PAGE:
First, it needs said; there's only 1 real way to remove scent; bind water to the oil and/or fat molecules that the nose picks up as scent (washing), or trick the nose. Overpowering the nose with a "loud" scent is the most common trick, and Febreeze does do this, but that's not all it does. Febreeze's primary active ingredient is Hydroxypropyl Beta Cyclodextrin. Sounds scary, but it's simply a carbohydrate (made during the conversion of corn starch). It's a donut shaped molecule that water can bind to only on the outside, but oil and fat can bind to only on the inside. Basically, the stink gets trapped in the donut. The stink molecules aren't removed, but it doesn't get to the nose receptors because it's trapped in the HP 3B2CD molecule. The biological cause/s of allergies remain a mystery, but if it's related to the size of molecules, then it would be entirely plausible that a person could be allergic to Febreeze, while not (knowingly*) being allergic to fragrances. Natural smells (including dislikable ones) are usually small molecules, but artificial ones are larger. Think about it; the Beta Cyclodextrin is large enough to envelope the small molecules, making them larger that even the molecules of perfumes. So-called "fabric softener" are also pervasively large molecules, larger than artificial scents, because of how they emulate "softening". The order of allergic-ness, based on molecule size would be; 1) Febreeze 2) Fabric Softener 3) Perfumes/Cologne In other words, you can be allergic to 1 & 2, but not 3 - but if you're allergic to 3, you'll be allergic to 1 & 2.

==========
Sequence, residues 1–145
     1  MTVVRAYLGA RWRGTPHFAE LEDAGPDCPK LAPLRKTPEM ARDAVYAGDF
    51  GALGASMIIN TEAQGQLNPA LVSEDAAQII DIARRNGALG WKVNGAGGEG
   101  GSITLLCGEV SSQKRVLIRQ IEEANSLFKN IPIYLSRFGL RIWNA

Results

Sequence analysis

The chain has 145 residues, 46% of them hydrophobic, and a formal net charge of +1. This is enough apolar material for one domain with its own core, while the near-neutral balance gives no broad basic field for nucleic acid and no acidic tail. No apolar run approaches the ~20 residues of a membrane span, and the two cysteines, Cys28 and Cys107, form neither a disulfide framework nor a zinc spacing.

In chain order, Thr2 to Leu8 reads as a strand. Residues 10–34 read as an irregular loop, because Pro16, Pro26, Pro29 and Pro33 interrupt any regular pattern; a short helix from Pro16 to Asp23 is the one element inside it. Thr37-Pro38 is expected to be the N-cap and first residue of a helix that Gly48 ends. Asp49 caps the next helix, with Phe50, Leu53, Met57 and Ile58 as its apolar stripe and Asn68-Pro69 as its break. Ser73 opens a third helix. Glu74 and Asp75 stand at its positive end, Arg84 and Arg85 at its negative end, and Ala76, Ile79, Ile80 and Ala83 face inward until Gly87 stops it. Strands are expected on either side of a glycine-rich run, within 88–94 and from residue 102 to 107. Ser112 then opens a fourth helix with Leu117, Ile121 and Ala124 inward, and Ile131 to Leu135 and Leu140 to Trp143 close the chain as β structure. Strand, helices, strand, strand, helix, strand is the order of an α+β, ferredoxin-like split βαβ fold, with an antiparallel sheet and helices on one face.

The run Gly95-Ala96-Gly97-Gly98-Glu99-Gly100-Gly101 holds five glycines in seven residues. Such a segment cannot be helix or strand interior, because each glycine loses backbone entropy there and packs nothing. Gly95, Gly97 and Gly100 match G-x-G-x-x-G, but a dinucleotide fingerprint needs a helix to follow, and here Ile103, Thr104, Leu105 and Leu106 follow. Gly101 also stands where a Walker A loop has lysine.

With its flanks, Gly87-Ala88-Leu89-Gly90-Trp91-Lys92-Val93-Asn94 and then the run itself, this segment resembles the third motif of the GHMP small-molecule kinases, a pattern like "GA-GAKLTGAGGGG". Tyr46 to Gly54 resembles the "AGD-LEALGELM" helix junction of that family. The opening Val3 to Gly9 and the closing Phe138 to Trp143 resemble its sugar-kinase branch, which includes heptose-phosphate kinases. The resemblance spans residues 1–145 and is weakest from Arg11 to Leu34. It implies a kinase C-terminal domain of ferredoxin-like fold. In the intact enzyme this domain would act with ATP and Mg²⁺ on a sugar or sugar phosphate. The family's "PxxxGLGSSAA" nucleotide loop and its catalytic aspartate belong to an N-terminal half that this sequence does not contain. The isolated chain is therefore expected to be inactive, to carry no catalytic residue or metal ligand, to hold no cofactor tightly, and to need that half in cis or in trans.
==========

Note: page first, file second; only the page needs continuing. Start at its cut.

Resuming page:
*Not all allergies manifest themselves in ways that are obvious to the victim. I wonder how many people who experience everything from migraines to Tourette's might, actually, just have a scent allergy.
Additional note; packages sent via the US Postal Service are believed to all be tested for explosives. The most common method of passive explosives testing is to blow a testing agent through the package, where the molecules of volatile chemicals can be detected by sensors. It's plausible that this is also done with a Cyclodextrin. Mailed packages all seems to have a Febreeze odor to them. Persons allergic to Febreeze should wear a mask while opening mailed packages, and allow them to air out in an unattended location.View Thread
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